Mention is made of China’s position softening in response to the 2018 summits with Kim Jong-un, which has been interpreted in the US as non-compliance with China’s prior commitments. China’s tacit agreement to keep the DPRK afloat (e.g., through permitted humanitarian assistance or a “creative approach” to compliance with UN resolutions) may again become a significant factor, readers are told with no hint that this is problematic for Russia. In the case of Russia, it obtained permission for the Sputnik bank to establish relations with the DPRK’s Foreign Trade Bank, which created a special channel for humanitarian assistance. Yet Ambassador Alexander Matsegora noted that the international sanctions continued to have a significant negative impact on the humanitarian situation. The article suggests that the tens of thousands of construction specialists who will return home from their foreign trips in the near future may then contribute to the expansion of the construction boom that started in Pyongyang and some other cities several years ago. Without abandoning nuclear weapons, however, large-scale external assistance will remain prohibited, the article concludes, as if that pressure should suffice for Russia’s interests.
In RIA Novosti on October 31, Matsegora discussed surprises ahead and how to resolve the main bilateral problem with Russia, illegal fishing. He notes that political relations after Kim’s April Vladivostok summit are on the rise, amid an ongoing intensive dialogue in all directions on activating or restoring ties where they are lagging. So far, economic ties have been blocked by the existing customs and banking blockade of the DPRK. Asked if Defense Minister Shoigu will be visiting Pyongyang, Matsegora responded that at many summits North Korean military leaders are present, and Russia also seeks to maintain contacts with them. Only in July 2000 did Moscow send a defense minister to Pyongyang—along with Putin—and the DPRK military chief was in Moscow in April. The ambassador expressed sympathy with North Koreans but commented on his talks with fishing authorities about severe steps to stop illegal fishing and signs of reduced poaching. Asked about DPRK-US talks and the threat of new nuclear and ICBM tests after December 31, he repeated the view held by North Korea that the US is under Cold War thinking and expresses daily antagonism to the North. Still, he hopes that the two sides find common language and that the US sends a positive signal to forestall an unwelcome shift. The ambassador refers to Kim Jong-un as sincere, honest, and consistently fulfilling his promises, despite many around him seeking to dissuade him from denuclearization, while warning that Kim will reconsider if the US fails to relax its pressure. Clearly, the ball is in the US court to keep diplomacy moving forward.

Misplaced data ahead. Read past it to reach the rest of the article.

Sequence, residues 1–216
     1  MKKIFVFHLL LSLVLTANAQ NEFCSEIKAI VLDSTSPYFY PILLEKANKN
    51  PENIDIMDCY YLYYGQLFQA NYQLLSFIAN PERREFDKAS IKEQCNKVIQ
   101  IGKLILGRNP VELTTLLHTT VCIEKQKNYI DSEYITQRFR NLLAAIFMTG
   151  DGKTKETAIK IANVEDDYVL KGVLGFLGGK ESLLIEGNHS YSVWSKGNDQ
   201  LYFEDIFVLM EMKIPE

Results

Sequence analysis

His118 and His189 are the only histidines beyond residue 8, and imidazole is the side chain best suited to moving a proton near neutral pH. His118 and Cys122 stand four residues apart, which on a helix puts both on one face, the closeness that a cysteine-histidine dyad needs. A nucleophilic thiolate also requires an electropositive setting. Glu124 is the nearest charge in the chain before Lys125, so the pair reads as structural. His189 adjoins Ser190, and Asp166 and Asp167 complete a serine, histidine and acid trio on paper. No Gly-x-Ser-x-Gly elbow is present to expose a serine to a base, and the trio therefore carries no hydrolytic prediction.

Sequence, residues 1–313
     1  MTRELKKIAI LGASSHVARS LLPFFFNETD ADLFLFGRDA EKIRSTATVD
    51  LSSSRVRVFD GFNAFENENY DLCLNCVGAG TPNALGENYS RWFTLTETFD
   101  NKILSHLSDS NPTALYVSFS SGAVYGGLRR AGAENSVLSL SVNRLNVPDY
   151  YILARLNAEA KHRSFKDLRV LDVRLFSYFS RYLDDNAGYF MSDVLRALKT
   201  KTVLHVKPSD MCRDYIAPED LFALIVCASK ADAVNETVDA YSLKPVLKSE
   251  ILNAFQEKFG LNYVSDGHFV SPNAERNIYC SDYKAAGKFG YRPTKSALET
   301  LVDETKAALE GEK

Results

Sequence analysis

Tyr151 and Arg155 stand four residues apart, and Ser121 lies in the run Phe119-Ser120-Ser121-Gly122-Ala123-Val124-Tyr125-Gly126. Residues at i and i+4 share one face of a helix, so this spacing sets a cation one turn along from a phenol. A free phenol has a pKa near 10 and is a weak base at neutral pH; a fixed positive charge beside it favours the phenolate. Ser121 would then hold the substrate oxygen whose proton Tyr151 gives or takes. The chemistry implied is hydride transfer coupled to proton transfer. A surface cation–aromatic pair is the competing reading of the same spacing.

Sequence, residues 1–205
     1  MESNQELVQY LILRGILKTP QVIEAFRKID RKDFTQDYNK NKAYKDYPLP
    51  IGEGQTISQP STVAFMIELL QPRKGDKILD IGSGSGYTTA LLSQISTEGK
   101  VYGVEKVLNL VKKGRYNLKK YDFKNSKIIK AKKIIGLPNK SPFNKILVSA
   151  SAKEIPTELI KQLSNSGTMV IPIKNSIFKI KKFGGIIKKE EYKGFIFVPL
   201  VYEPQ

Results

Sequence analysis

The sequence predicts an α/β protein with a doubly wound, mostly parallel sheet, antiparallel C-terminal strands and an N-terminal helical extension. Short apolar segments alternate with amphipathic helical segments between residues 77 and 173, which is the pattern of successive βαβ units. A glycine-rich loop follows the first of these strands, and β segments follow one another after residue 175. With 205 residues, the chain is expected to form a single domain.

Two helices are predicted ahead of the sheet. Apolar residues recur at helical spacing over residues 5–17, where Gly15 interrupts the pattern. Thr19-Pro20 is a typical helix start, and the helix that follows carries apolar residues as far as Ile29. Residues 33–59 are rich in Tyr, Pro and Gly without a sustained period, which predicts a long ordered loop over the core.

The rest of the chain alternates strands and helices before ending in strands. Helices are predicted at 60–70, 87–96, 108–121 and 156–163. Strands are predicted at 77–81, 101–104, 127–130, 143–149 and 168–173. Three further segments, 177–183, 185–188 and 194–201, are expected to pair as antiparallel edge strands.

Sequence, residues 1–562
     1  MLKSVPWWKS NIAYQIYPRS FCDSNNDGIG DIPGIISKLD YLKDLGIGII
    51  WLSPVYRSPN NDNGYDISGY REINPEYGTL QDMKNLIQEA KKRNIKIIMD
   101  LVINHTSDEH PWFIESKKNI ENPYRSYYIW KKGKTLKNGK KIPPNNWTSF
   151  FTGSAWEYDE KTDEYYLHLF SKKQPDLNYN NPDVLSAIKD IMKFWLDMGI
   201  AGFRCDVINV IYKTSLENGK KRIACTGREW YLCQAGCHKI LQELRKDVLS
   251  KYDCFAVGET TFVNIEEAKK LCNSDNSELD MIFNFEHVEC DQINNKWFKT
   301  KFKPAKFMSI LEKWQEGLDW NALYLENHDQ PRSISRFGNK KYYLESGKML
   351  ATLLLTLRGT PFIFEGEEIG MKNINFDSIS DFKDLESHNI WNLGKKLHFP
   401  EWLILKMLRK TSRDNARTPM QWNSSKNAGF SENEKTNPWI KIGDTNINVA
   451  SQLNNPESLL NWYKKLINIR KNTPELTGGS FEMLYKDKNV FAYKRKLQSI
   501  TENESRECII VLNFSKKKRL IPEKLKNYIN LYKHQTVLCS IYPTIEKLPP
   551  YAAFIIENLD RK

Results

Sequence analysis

On November 10 in Mezhdunarodnaya Zhizn’ Gleb Ivashentsov, ambassador to the ROK, asked if the North Korean rocket and nuclear crisis would be resolved. Unlike in the Cold War era when the only instrument of control over strategic weapons was the relationship between Moscow and Washington, today states with nuclear weapons are not under their control. Some of today’s nuclear states act as a counterweight to another country and do not aspire to global supremacy, but North Korea is focused only on the United States, not South Korea, seeking defense from a potential US attack in a possible new inter-Korean war. Only with the appearance of ICBMs in the mid-2010s did the US grow alarmed, facing the third country after Russia and China that could hit large US cities. Not only is the US alarmed, the entire system of nuclear non-proliferation is at risk. South Korea, Japan, and Taiwan may opt for nuclear weapons in a chain reaction once the US nuclear umbrella is in doubt along with terrorist organizations going nuclear. Today, the North only seeks nuclear weapons for defense, but there is no guarantee it will not want to use force against Seoul, calculating that the US will not interfere, or that an accidental nuclear attack will not occur.